I’m not directly representing or misrepresenting your argument.
I am arguing my primary argument which is in regard to human nature, which is a determinist stance.
I’m willing to accept a determinist stance in a very narrow, precise fashion.
You had been arguing a determinist stance that I _might_ accept if it was precise enough.
If a determinist stance is too broad and too strong, such as: “greed, brutality and domination is human nature”, then I won’t accept a determinist position and will bring up various choice/decision/mutable/environmental things.
If a determinist stance is too vague or general such as “any human characteristic is human nature”, I can accept that in principle as a starting point but not as as final answer unless it’s serious, which is why I brought up rationalism-as-human-nature and cat-rape-as-human-nature as a “sniff test”.
As you did NOT consider those acceptable examples of human nature, I moved to individual differences in people and I brought myself in as an example because I had relevant recent knowledge.
Now you are at “Character is Fate” and that is a good place to pause and reflect as that has a narrow enough focus (individual without necessarily calling to individualism as it can also apply in societies which are not individualistic as it brings up character, which can be a shared trope).
and that would leave me with fate. I’ll pause on that but I wanted you to see the thrust of where I was coming from.
I do not think my criteria is emotional in nature but I can’t promise that and I don’t know how well I can represent your argument back to you as I was not directly addressing your argument too many times, which was a related issue but a tangent to what I considered a sloppy determinism (that greed, brutality and domination is human nature)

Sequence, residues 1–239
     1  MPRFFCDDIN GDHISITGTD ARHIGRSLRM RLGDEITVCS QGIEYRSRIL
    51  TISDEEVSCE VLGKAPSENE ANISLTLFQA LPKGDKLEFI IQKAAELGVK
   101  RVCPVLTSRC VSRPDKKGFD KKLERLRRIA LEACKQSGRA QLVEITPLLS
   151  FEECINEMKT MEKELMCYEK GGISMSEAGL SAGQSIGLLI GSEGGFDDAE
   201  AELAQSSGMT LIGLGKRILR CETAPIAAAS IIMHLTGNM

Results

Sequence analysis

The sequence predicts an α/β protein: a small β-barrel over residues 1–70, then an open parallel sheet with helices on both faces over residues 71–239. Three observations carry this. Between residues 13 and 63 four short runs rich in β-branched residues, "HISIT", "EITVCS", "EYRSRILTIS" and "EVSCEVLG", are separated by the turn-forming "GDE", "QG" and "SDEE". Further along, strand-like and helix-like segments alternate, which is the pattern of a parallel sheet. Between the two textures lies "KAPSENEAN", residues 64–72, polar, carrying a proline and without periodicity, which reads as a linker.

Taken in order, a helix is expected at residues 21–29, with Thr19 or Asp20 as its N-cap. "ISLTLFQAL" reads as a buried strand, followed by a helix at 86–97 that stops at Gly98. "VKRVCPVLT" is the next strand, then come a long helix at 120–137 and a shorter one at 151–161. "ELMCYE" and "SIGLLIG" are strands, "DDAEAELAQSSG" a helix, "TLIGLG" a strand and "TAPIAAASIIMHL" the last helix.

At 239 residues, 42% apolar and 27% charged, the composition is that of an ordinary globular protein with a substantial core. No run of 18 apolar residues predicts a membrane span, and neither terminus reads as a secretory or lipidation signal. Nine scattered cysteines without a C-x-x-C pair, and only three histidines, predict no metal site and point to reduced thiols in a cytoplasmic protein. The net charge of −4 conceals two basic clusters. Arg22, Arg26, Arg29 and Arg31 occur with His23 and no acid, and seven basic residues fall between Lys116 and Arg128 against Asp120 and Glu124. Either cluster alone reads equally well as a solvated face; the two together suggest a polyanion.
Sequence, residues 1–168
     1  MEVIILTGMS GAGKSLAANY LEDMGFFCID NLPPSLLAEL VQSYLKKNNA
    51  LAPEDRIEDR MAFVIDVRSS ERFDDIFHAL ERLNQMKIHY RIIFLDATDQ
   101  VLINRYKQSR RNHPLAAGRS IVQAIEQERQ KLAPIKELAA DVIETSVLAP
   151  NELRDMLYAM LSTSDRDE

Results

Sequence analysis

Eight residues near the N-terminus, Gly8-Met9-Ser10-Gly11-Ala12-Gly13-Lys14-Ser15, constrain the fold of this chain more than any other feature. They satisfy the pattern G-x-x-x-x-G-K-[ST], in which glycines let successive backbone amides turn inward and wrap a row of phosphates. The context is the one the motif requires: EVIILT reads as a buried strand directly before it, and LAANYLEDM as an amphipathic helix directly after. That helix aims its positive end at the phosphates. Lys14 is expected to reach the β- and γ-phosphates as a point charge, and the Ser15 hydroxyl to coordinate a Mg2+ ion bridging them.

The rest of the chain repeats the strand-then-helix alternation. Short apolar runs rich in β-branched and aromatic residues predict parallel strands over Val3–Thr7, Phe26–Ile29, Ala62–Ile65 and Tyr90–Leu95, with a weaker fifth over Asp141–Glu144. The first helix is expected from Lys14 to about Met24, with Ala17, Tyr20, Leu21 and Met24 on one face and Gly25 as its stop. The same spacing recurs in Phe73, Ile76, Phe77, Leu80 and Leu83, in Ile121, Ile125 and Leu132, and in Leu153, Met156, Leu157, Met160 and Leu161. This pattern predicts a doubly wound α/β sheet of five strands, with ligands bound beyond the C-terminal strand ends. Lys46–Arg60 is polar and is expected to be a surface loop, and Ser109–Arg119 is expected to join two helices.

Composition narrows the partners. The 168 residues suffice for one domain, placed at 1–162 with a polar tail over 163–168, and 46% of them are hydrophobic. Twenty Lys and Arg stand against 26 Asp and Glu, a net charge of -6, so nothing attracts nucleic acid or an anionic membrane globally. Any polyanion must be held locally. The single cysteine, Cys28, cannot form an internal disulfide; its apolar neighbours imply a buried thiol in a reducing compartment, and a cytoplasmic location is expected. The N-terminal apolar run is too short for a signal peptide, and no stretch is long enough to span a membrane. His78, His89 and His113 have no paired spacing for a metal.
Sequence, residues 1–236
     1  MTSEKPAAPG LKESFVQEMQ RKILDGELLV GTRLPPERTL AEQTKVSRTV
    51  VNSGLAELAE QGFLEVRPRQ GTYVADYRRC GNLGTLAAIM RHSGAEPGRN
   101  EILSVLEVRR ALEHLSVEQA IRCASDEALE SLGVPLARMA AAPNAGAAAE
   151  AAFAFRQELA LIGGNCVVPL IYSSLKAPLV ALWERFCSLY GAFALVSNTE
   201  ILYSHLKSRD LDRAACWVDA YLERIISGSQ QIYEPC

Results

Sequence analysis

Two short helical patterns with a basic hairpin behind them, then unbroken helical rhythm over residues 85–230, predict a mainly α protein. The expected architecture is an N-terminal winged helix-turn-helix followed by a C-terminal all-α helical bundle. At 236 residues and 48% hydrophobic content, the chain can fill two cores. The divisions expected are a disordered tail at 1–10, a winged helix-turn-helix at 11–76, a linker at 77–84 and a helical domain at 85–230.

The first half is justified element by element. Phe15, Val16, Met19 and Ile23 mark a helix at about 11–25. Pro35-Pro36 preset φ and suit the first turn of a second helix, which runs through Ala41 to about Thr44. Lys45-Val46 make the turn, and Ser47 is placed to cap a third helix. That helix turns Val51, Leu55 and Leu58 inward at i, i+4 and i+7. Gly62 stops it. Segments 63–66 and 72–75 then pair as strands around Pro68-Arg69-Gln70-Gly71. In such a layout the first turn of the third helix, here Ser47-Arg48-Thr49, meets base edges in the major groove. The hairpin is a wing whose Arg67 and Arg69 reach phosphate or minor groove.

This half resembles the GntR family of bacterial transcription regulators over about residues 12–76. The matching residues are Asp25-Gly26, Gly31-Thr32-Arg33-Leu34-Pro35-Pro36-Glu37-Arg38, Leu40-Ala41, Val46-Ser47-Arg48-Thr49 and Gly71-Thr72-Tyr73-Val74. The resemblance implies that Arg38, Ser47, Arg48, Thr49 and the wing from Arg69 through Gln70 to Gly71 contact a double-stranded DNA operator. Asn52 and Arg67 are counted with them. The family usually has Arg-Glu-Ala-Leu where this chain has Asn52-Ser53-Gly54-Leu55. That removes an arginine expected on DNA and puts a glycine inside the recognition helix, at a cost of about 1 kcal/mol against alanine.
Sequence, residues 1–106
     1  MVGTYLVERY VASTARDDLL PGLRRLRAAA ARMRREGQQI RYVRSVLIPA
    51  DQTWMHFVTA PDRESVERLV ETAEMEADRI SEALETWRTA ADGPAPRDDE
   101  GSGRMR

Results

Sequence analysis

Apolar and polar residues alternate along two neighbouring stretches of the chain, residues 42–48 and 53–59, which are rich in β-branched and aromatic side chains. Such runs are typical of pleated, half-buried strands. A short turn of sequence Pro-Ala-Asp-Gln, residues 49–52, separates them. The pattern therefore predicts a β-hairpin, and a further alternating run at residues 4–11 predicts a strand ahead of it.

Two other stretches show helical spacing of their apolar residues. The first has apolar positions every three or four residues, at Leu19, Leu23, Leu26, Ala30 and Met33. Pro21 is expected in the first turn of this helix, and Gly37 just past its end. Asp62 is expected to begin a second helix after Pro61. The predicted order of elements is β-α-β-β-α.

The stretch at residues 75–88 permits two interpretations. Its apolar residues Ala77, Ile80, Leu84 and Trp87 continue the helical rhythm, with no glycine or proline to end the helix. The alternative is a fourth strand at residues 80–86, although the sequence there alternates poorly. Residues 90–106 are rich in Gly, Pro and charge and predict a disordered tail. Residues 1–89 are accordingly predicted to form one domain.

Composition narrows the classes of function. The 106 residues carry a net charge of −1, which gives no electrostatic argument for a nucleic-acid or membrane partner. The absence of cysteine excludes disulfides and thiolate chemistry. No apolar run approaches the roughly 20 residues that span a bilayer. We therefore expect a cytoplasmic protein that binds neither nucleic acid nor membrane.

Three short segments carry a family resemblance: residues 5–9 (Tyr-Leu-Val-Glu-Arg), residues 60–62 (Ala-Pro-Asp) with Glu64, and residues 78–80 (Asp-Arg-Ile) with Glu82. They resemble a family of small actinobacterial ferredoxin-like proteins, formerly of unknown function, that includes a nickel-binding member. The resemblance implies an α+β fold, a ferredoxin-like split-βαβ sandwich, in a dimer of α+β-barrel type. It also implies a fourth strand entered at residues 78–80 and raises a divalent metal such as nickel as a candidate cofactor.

interesting: I can’t say I fully comprehend what representational drift is as it’s the first I’ve heard of it. But the olfactory system is “wired directly” and does not go though the ‘relay center’ of the thalamus, unlike all the others.
“The olfactory system is unique compared to the other senses in that, among other things, information is not relayed via the thalamus, but instead projected directly to cortical regions such as the orbitofrontal cortex.”
Alas, I don’t resonate too much with that quote but I’ll try. Lying is a rational survival skill that we learn early or is built in (your choice).
I don’t see speech as built for lying but for clarification of a needs expression.
Words start off with VERY complex, multidimensional meaning.
“Mommy!” means a LOT of things to a toddler and interpreting it is fraught with problems.
Learning the native grammar in use, mastering the native language, knowing hundreds of thousands of categories by the age of 7… while it is in service of lying a lot (look at the fiction section of a library – we love lying in escapism) – it is also in the service of truth.